218. There is no IT administrator who requires you to change passwords every month, forcing you to tape your password to your computer screen to remember it.

217. You don’t have to pretend you are enjoying the staff retreat where they are serving hot dogs but you are a vegetarian, and the boss drops you during the trust exercise.

216. You could care less who moved the cheese.

215. You are safe at home when the paradigm shifts.

214. You don’t have to worry about the Inspector General finding your illegal toaster in your cubicle.

213. You celebrate your birthday by not working. And sleeping in, moving from the bed to the couch in front of a burning fireplace, then to a hot bath...Oh, the stress of it all. Almost time for lunch.

212. No more business clich├ęs. It’s a win-win.

211. You don’t trigger the fire alarm thereby evacuating your building while burning microwave popcorn, and then the whole floor hates your guts when they return because they have to breathe that putrid smell, so you go out and purchase cookies for everyone including the greedy boss, but you still feel like a dumb-shit.  

210. The refrigerator bandit doesn’t steal your sack lunch.  

A few years ago, I worked at a health clinic where we only had a half-hour for lunch, so we didn’t have enough time to go to a restaurant and there was no fast food nearby. We all stored our lunches in an old refrigerator in an unoccupied room.

This practice was successful until someone began taking one of our lunches each day. The thief seemed to be indiscriminate for a while and many of us, including myself, were victims. We grumbled and tried to share when someone came up short. Then, one day, our greedy boss was hit, and we all privately cheered the bandit.  The boss went from office to office, exclaiming her astonishment that her lunch was not in the refrigerator. I don't believe she was even offered a replacement mint.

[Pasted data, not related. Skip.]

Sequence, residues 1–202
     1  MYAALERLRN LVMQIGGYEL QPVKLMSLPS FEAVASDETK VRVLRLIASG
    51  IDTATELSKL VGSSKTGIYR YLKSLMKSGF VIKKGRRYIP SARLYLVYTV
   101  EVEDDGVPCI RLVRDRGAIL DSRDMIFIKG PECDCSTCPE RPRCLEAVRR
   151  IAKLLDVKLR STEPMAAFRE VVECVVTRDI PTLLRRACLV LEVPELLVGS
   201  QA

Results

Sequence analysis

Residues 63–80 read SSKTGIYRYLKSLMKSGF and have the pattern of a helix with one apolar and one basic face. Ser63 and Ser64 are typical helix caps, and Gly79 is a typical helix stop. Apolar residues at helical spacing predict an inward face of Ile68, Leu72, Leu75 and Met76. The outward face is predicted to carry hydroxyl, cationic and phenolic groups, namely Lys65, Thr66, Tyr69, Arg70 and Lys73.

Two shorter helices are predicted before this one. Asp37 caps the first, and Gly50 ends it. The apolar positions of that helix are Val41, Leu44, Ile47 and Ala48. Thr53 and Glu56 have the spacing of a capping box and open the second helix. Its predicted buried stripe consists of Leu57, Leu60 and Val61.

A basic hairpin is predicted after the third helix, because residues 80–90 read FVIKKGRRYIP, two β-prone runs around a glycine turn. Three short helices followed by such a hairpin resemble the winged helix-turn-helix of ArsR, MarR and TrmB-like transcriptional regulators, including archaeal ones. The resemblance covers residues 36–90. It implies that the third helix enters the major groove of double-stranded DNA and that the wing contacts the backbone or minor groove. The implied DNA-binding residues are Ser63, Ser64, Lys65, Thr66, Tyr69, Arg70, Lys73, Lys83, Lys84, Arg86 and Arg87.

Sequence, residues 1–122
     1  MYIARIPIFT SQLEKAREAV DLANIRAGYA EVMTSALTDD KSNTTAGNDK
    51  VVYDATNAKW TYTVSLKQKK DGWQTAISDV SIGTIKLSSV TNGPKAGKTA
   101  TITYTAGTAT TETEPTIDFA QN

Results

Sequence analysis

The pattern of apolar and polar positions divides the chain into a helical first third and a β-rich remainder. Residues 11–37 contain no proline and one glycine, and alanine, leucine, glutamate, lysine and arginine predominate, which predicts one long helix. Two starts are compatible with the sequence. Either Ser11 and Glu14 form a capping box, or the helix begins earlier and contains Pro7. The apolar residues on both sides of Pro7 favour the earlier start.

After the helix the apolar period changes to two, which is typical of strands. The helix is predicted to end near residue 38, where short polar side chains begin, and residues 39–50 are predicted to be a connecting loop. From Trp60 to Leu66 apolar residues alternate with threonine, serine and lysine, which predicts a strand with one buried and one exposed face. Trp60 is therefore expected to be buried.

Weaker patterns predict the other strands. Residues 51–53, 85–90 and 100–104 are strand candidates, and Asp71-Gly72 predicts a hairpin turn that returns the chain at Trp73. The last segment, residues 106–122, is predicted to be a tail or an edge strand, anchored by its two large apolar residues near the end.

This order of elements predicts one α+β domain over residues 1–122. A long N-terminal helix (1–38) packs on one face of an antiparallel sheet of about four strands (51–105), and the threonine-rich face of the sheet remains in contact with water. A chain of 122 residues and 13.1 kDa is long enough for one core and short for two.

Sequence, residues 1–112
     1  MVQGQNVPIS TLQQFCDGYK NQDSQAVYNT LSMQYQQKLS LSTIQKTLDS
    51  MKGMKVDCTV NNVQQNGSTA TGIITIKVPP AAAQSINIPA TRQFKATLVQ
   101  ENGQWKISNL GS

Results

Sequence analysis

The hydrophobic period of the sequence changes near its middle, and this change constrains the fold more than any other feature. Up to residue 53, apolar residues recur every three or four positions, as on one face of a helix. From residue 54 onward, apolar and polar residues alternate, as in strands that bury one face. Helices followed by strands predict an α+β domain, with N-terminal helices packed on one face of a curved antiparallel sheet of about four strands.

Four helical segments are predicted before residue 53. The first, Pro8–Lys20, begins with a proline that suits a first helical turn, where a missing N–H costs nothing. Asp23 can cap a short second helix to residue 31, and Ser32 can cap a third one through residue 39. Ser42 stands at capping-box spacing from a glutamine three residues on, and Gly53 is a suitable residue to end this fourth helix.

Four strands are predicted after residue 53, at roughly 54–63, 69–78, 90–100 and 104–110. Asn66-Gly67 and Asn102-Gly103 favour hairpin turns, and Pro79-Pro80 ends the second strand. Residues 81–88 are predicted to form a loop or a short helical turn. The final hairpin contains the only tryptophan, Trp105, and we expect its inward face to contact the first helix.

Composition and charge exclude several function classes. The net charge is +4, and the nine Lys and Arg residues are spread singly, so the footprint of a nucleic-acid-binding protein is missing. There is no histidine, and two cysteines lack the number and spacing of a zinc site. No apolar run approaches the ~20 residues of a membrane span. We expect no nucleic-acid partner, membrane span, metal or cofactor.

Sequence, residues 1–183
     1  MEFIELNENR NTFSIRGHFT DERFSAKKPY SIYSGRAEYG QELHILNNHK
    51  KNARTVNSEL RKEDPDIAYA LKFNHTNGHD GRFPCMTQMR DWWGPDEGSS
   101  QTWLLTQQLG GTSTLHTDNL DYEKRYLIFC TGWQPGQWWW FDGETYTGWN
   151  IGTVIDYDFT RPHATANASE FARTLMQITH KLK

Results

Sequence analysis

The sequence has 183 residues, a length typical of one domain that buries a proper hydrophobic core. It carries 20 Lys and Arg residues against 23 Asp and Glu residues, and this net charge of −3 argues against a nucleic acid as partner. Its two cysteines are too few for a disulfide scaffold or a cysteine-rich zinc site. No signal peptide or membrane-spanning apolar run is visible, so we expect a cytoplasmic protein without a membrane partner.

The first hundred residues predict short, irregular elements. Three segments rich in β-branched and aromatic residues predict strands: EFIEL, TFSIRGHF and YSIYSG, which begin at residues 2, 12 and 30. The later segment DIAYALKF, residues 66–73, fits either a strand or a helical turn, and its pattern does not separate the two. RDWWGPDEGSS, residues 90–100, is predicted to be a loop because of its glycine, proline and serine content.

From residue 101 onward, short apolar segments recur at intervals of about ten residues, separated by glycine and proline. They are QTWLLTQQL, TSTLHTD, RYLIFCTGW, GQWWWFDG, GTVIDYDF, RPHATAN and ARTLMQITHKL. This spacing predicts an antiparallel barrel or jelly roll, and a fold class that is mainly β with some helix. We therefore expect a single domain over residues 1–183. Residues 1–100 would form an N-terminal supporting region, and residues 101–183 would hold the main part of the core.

(This boss, by the way, would often eat her lunch during 1:00 p.m. staff meetings in front of our Muslim medical director during Ramadan.) 

Somehow, that week, the odds were against the boss and she was hit several times until she began to store her lunch in her office. The bandit moved on—our turnover rate was over 50%—and those of us who remained mourned his evident departure.
209. You can tinkle outside the cup.

208. You are not climbing the corporate ladder. You are not descending the corporate ladder. You are not on the corporate ladder. You are just monkeying around, job application after job application.

207. You don’t have to overhear your boss’s conversations to get information about your job.

206. You are no longer a team member. This is particularly good when someone on the team lies, cheats and yells.

205. No high-dollar business consultant will tell you how to work smarter, not harder, and then take the boss to a bar across the street.

204. You don’t care who got the free parking place for February. 

203. You don't get cut on the glass ceiling. 

202. The CEO does not make 202 times your salary. 

201. It is not your day to bring the doughnuts.